ALEX IMAS, 29, ECONOMICS
When Alex Imas was nine years old, his family fled Bender, Transnistria, a disputed region that broke away from Moldova in the early 1990s. Following a civil war, the increasing instability in his hometown was so bad that it chased out many long-time residents.
“Seeing violence and poverty has certainly influenced my work,” Imas says.
After leaving Transnistria, he lived all over—Moscow, the Bronx—before settling down with his family in Chicago. “We were extremely poor for some time,” he says, “but my parents were able to eventually land good jobs and provide my sister and me with a good education.”
"I was always interested in human behavior and how it deviates from what economists view as optimal. I wanted to study how choices that people make can get them into trouble."
In 2007, Imas graduated with honors from Northwestern University. By 2014, he had an economics Ph.D. from the University of California-San Diego, where his advisor was the behavioral economist Uri Gneezy. (“He taught me the importance of having passion for the work, of choosing to work on problems that wake you up in the morning and keep you up at night.”) Imas had also won a National Science Foundation fellowship and the hard-to-get Hillel Einhorn New Investigator Award from the Society for Judgment and Decision Making.
By then, he’d made a career of studying how getting bumped around by the human experience can make us act. “Most of my projects focus on how people's circumstances and environment deeply change their decision making,” he says.
Imas’ research examines how prior financial losses can cause people to take on more risk to make the money back. After losing several hands of poker, for example, we’re more likely to keep gambling to climb out of the hole rather than cashing out and leaving the casino. “Such loss chasing can wipe out people's earnings and leave them deep in debt,” he says, which is why he also researches how to prevent that reactive chain of events.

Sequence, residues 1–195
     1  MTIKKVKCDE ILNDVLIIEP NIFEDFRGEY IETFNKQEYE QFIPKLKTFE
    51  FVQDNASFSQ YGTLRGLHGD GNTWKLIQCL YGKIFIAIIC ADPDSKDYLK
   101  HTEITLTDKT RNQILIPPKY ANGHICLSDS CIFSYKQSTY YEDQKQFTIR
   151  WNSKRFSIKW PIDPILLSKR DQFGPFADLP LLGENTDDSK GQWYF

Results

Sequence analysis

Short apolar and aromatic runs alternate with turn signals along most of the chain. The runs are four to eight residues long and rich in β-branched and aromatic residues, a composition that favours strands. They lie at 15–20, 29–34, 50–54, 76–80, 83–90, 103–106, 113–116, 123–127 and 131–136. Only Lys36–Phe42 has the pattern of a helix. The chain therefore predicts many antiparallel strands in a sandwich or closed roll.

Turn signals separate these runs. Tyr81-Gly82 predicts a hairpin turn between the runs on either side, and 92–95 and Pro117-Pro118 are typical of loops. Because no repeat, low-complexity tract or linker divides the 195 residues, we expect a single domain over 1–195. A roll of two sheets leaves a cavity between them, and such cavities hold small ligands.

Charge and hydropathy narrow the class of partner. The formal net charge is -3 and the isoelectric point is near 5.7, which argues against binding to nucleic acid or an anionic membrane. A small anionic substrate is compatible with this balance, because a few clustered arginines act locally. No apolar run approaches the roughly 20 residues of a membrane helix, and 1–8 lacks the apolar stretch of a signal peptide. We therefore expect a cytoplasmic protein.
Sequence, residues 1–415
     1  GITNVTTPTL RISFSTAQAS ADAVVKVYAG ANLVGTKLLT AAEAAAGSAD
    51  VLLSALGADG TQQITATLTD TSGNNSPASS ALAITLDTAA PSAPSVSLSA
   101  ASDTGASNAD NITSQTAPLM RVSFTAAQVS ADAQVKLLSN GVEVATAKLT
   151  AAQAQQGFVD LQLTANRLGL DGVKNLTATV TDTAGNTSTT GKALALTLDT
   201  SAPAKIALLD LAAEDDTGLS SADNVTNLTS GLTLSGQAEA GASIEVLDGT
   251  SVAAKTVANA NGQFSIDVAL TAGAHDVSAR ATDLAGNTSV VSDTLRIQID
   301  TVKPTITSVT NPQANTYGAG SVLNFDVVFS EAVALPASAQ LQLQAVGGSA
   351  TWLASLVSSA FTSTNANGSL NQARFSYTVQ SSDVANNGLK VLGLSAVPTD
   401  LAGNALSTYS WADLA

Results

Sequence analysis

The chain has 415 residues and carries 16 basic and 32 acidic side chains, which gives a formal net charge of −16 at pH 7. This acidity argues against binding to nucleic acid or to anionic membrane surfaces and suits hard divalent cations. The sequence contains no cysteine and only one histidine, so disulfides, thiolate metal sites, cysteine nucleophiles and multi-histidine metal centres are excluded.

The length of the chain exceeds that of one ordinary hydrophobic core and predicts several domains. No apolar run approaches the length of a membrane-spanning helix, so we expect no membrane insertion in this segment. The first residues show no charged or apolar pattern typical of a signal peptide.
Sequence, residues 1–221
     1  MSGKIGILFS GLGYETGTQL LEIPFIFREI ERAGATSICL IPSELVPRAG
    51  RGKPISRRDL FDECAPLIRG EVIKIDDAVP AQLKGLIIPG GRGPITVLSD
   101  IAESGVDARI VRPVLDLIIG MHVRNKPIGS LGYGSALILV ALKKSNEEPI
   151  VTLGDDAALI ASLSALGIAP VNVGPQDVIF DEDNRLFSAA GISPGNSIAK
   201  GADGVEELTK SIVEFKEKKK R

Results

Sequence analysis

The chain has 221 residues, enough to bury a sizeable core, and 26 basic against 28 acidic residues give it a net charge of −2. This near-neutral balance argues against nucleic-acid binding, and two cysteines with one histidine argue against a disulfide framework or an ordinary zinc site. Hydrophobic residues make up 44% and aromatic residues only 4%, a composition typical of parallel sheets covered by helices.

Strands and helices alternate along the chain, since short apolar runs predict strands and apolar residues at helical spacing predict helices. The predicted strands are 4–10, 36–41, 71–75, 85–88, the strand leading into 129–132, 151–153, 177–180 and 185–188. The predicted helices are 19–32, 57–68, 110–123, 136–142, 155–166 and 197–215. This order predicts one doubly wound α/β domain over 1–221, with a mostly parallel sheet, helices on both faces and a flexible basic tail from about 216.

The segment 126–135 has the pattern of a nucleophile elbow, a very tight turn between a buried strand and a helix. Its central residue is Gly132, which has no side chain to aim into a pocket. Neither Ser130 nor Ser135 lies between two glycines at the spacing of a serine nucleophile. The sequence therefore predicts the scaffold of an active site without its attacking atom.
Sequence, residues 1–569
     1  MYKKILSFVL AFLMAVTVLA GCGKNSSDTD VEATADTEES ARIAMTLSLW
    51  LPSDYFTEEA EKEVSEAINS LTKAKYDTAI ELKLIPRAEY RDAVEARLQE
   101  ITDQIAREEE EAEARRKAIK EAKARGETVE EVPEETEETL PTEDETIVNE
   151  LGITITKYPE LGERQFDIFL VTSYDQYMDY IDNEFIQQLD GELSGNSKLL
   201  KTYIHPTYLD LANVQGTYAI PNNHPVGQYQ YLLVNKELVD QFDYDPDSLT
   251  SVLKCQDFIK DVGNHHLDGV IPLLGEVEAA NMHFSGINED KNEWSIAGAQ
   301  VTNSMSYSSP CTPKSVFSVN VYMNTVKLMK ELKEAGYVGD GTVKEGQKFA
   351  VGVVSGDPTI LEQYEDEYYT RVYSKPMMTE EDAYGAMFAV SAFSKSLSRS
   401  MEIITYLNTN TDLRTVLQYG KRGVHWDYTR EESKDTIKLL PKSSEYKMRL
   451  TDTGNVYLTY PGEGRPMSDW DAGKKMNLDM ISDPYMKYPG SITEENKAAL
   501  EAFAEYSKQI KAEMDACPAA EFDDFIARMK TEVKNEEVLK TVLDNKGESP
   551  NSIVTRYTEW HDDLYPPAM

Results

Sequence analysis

In another project, Imas examines ambient violence and its effects on how people value goods over time. “Particularly,” he explains, “we find that exposure to violence makes people more impulsive. They are more likely to choose a smaller reward now rather than wait for a larger, better reward in the future.” One of Imas’ main goals is to devise interventions that might stop people before they make choices, shaped by circumstance, that later get them into trouble.
Imas also develops tools and identifies interventions to help people make better decisions. One of his main goals is to figure out how to stop people before they make life-shattering mistakes.
“I was always interested in human behavior and how it deviates from what economists view as optimal,” Imas says, explaining how he decided to dedicate himself to economics. “I wanted to study how choices that people make can get them into trouble.”
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